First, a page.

Monday, 3 July 2017

La arquitectura de Barcelona (does this really need translating?)

Aside from being able to progress my Spanish, I chose Barcelona based on its wealth of architectural history. One truly needs a lifetime to be able to do an in-depth investigation of all the architecture there is to see here, from Roman ruins to modern, sculptural structures. 

An influential Catalan architect here in Barcelona (and world-wide) was Josep Lluis Sert. He was active in Modernism, and had collaborated with major figures such as Le Corbusier.  I was fortunate enough to attend guided tours to two of his buildings. The first was Casa Bloc, a high-density apartment block that provided ingenious solutions to creating a sense of place and community within the seemingly simple concept of residence. The second was the Pavilion of the Spanish Republic which was featured in the 1937 Paris Exposition Internationale des Arts et Techniques dans la Vie Moderne. Here he collaborated with artists such as Joan Miro, Alexander Calder, and Pablo Picasso; in fact, one of Picasso's most famous works --the Guernica-- was given commissioned for and given central focus in the Pavilion. Unfortunately, my camera along with all the photos of Sert's work were lost. 

I was also able to visit the Barcelona Pavilion designed by Mies van der Rohe for the 1929 International Exposition in Barcelona. It is one of the most elegant structures I have ever been in (which is a contrasting opinion to a few of my instructors from Canada). It does an incredible job of dividing space with planes in a way that maintains open transitions and airflow. It is beautiful in its materiality as well, using consistent proportions and exhibiting seamless joining. While walking through it, I experienced serenity and quiet, both which are difficult to achieve in bustling Barcelona.

Caught a picture of Kwinten the
KPU Eagle admiring the lovely Dawn.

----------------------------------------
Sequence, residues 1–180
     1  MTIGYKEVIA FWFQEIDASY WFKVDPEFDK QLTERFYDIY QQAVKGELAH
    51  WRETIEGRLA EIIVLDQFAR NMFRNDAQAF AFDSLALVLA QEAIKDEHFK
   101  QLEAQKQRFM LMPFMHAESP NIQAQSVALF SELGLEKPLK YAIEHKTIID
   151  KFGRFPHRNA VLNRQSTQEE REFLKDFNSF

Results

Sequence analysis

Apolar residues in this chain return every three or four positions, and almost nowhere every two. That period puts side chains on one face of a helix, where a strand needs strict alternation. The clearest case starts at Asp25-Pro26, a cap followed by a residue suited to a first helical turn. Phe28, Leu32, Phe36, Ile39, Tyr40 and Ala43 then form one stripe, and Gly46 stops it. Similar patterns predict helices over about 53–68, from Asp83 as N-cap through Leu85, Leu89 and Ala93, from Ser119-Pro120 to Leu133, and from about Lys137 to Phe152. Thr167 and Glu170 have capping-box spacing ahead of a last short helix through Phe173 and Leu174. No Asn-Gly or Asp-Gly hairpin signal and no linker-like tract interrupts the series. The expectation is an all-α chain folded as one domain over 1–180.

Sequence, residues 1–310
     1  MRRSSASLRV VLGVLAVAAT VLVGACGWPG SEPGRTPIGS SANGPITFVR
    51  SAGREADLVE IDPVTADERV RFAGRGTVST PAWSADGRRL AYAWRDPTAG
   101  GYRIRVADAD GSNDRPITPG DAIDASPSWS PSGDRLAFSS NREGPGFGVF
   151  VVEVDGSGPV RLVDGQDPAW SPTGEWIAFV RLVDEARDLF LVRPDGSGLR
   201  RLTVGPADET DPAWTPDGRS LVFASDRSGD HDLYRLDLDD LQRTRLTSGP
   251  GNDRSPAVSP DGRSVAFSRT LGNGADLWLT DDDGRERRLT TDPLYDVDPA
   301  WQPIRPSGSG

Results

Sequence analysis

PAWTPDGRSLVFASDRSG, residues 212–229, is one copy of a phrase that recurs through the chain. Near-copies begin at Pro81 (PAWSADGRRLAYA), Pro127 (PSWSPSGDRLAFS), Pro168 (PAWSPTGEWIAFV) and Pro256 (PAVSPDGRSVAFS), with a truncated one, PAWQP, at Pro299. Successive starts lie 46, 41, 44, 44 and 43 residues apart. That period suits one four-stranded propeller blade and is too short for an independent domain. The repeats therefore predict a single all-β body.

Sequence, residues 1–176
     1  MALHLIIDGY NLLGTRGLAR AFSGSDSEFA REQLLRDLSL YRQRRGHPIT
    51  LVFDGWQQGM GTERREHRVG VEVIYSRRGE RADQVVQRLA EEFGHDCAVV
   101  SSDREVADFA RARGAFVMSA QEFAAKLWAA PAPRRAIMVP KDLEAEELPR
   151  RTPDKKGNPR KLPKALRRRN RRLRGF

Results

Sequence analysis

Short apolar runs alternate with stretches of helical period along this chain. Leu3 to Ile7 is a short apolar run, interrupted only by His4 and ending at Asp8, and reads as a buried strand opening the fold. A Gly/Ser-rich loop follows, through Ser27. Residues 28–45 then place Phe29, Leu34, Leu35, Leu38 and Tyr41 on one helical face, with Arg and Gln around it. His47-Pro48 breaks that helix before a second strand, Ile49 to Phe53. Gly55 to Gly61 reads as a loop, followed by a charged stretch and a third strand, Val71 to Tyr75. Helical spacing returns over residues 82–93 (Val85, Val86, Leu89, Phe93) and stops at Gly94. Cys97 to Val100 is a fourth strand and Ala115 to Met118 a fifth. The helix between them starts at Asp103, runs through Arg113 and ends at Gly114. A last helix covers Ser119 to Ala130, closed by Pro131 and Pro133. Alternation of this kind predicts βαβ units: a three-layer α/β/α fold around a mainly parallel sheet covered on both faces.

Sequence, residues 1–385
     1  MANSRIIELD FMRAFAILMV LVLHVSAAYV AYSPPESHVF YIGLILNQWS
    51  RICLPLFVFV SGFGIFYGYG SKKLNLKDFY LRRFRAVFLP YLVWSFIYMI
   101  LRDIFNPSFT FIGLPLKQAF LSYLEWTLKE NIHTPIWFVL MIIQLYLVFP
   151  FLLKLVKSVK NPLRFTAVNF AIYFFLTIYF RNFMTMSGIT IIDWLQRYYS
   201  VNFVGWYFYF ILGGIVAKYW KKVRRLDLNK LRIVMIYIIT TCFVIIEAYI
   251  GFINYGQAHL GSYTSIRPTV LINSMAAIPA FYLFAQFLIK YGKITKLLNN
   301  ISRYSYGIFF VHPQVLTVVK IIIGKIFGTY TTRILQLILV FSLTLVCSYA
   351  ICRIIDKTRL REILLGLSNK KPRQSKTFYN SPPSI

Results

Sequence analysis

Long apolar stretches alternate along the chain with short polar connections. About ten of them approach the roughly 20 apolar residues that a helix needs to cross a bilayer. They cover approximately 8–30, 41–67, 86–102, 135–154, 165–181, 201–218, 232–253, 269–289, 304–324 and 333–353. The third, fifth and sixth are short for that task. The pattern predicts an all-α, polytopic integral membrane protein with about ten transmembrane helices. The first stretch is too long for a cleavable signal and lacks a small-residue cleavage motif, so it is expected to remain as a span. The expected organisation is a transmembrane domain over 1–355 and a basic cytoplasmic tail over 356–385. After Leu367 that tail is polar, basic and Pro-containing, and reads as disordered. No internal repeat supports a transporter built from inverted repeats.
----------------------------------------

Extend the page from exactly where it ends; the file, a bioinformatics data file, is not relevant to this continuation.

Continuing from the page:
Arguably Barcelona's most famous architect --Antoni Gaudi-- is the one that stole my heart. Of course all of his designs --Casa Mila, Casa Batllo, the crypt of Colonia Guell, Parque Guell, Palau Guell, among many more-- are all magnificent, but undoubtedly the Sagrada Familia is a cut above the rest. I had heard from instructors and older students that the experience of walking in the Sagrada Familia was met with tears but I did not think it would happen to me, and well --it did. Walking in, my chest to swelled with anticipation until it just broke and I was left breathless. It is peculiar, powerful, and beautiful. Gaudi was primarily inspired by nature, and the Sagrada Familia exhibits this on a macro and micro scale. From the distribution of the flutes on each column to the overall feeling of walking beneath a canopy of trees, every geometry and gesture can be explained by nature. I have never, and don't think I ever will again, encounter such an incredible church. 

 This church, however, is still unfinished. Gaudi was killed by a tramcar outside the Sagrada Familia during construction. I can only lament that we did not get to see the architectural wonders this master would have created if he even had just an extra 20 years. The Sagrada Familia is projected to be completed in 2026, exactly 100 years after Antoni Gaudi's death. So, in 2026 you will find me in Barcelona on the stoop of the Sagrada Familia. 

#Elisava #KPUInternational #KPUStudyAbroad #KPU #architecture #interiordesign #Barcelona
#MiesvanderRohe #AntoniGaudi #JosepLluisSert

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